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There Was Quirk: How Rob Stokes Brought Digital to Life

Before we loved all things digital, Before Facebook ruled our lives, Before the words ‘social media strategy’ existed… There was quirk

Juliet Pitman



Rob-Stokes-Quirk-Entrepreneur Profiles-Success Stories

The guys at Quirk say the company was ‘born digital’ – but its entrance into the world of e-marketing wasn’t an easy one. There were hiccups. There were cock ups. There were bad websites. Rob Stokes talks Juliet Pitman through the company’s labour pains.

“We bought and sold hardware, did some network stuff and made really bad websites. We quickly ditched the hardware thing, slowly ditched the network thing and in time got better at the website thing. And here we are today.”

For Rob Stokes, ‘here’ is leader of Quirk Marketing Agency which this year will turn over R150 million. With offices in Cape Town, Johannesburg and London and around 300 employees, it’s a far cry from its humble beginnings, and looking at the company today you’d never guess the hurdles it’s had to cross. But Stokes is nothing if not candid about how accidental some of his success has at least seemed.

Necessity is the mother of invention – even if it’s bad invention

“I’d love to be able to tell you it all happened according to some grand vision, some master plan – but frankly it didn’t. My last job was Christmas Day 1998 as a waiter. I was asked to do something that really went against my grain and I quit that day. Six weeks later I ran out of money. It was my twentieth birthday. I was lying on the couch at 3am and I decided to start a business. I thought, ‘I like marketing. I like technology. How can I put them together to make some cash?’ Three weeks later Quirk was born – out of necessity,” he says.

He’d read somewhere about Michael Dell cutting the door of his dorm room in half to create a counter-top over which he could sell computers and thought, “Hey, if he can do it, why not me?”

Stokes was still at varsity, studying a Business Science degree, but he was used to multi-tasking, particularly when it comes to starting businesses. He’s been an entrepreneur “since forever.”

“I ran an ice-pop cartel when I was in primary school. I was the smallest guy in the school and entered into a mafia relationship with the two biggest guys. They would hold all the other little guys back when the break bell rang and I’d run to the tuck shop to buy up the ice-pops which I’d then sell at a 3c mark-up,” he says. He started 17 different businesses while at school, all of which were banned for being, as the school powers-that-be put it, ‘disruptive’.

But disruptive is where you want to be when you find yourself starting a business with no capital, at 3am in the morning, on a couch.

Stokes’ idea was to leverage email for marketing purposes. “A group of us started building South Africa’s first and worst email marketing software – at least, they built it mostly. I had to write exams so I took a break while they got grumpy with me and got on with the work,” he recalls.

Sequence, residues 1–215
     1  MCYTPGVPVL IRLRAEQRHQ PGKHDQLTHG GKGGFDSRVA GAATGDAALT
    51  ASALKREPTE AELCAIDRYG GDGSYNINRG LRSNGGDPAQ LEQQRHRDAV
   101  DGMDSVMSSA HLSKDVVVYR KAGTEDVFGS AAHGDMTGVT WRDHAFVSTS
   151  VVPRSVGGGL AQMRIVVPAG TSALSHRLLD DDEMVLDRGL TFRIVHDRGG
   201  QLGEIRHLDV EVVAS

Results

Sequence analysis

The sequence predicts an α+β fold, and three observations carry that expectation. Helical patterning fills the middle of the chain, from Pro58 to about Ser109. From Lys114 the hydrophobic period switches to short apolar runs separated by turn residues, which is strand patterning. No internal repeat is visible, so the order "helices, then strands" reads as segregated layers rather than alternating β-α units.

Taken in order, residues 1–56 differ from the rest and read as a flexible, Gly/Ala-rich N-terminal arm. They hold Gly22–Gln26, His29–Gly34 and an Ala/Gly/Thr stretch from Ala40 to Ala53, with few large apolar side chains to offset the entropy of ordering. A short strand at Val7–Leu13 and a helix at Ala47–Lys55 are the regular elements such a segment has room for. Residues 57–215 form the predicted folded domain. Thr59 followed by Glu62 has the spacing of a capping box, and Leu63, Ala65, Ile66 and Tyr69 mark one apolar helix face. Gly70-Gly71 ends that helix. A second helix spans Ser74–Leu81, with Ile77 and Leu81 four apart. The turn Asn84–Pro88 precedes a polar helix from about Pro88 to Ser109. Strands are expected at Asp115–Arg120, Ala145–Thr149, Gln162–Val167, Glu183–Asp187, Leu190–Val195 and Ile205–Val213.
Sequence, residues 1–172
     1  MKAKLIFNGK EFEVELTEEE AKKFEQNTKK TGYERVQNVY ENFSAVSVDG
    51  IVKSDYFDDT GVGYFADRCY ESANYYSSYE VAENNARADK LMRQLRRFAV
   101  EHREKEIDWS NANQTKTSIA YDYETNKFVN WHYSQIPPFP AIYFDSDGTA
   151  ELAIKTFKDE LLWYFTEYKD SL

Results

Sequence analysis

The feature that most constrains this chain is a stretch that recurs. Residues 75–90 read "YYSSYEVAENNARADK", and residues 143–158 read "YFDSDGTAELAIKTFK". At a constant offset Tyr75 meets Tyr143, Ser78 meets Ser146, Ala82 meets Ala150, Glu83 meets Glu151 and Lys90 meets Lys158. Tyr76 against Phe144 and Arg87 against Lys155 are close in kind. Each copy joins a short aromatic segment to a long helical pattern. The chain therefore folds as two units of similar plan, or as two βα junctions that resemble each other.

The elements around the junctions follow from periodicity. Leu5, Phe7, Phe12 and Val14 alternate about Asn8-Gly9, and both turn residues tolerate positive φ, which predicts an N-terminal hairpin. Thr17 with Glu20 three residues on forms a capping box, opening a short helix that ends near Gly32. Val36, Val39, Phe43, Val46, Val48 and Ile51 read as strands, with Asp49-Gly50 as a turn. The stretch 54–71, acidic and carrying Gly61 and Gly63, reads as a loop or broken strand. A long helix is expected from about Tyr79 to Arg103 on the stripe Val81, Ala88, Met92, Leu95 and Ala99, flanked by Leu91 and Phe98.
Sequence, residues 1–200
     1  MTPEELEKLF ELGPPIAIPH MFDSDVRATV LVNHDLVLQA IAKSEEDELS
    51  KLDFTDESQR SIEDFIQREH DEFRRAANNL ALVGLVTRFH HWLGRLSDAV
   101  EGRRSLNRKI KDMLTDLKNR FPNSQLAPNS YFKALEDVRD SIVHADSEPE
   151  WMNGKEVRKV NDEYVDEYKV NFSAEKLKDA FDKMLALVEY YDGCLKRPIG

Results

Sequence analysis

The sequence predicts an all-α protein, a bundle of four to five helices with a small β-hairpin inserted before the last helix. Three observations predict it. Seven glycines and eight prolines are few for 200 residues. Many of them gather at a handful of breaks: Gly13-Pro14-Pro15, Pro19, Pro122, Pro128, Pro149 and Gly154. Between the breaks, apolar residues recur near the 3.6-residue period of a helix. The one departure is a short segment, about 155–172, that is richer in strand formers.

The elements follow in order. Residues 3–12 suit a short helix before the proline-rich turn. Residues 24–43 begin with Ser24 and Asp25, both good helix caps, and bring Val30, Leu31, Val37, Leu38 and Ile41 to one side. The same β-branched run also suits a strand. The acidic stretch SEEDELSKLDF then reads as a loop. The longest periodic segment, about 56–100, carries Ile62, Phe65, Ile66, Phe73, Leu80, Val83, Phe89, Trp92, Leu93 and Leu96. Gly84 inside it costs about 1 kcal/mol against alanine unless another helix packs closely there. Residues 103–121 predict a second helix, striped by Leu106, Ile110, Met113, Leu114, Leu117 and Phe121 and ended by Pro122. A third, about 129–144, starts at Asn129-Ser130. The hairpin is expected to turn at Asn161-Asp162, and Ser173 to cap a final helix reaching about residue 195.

While the software was “an absolute maintenance nightmare,” it worked. They made some money. But the product, although clunky and unwieldy, was still ahead of its time. A bit too ahead.

It sucks when you‘re ahead of your time

“When you’re ahead of your time, no one knows that they need what you’re selling. So no one buys it. People tell you it’s a good thing to be ‘ahead of your time’ but trust me, it’s not,” says Stokes, as he talks about the first seven “really, really tough” years of business.

There was simply no money. “On five or six occasions we were on the verge of bankruptcy and then a deal would come along that would buy us another month or two,” he says.

The Quirk team realised early on the power of search engine optimisation (SEO), which determines the relative ranking of search results in search engines. “We worked out how to get companies to the top of Google but everyone was like ‘Why would we want to be at the top of Google?’ We were just too early, I guess,” he says.

At 20 Stokes admits he had no instinct for timing when he started the business. “I thought the market would wake up to the power of e-marketing about six months after we started. As it turned out, that change took years,” he explains.

But when the turn eventually happened, all the pain, hard work and sleepless nights about paying salaries paid off. Quirk found itself in exactly the right place at the right time with a foundation and track record of real experience. As Stokes puts it, “We were more ready than anyone else.”

They had also revamped their software system, a mammoth but necessary task that fell to chief technology officer, Craig Raw.

“We locked him in a room for three weeks and fed him yoghurt and ProNutro,” says Stokes. The pressure to deliver a better system was intense. A large call centre client had indicated Quirk would win a major contract if it could meet their service level agreement (SLA) standards. “There was absolutely no way our old system could have met the SLA so we had no choice but to up our game. This was in 2003 and we were still struggling – the market hadn’t quite turned yet and we needed the work,” he adds.

This mixture of energy and desperation spurs many young entrepreneurs to achieve against the odds. With a new software platform, Quirk was well-placed to pick up big business when big business finally decided the Internet might be a marketing tool worth investigating.

“The tipping point came in 2007. Of course, by that stage other marketing agencies had also wised up to e-marketing but I think what made us different is that we were born digital. We were digital natives from birth so we were never trying to retrofit the Internet into our existing marketing ethos,” says Stokes of Quirk’s initial differentiator.

Because e-marketing was metrics driven, Quirk had an opportunity to prove itself and work on a performance basis, which was attractive to clients. Once it got going, it really took off. The company has never grown by less than 50% year on year and most years its growth has been at 100%.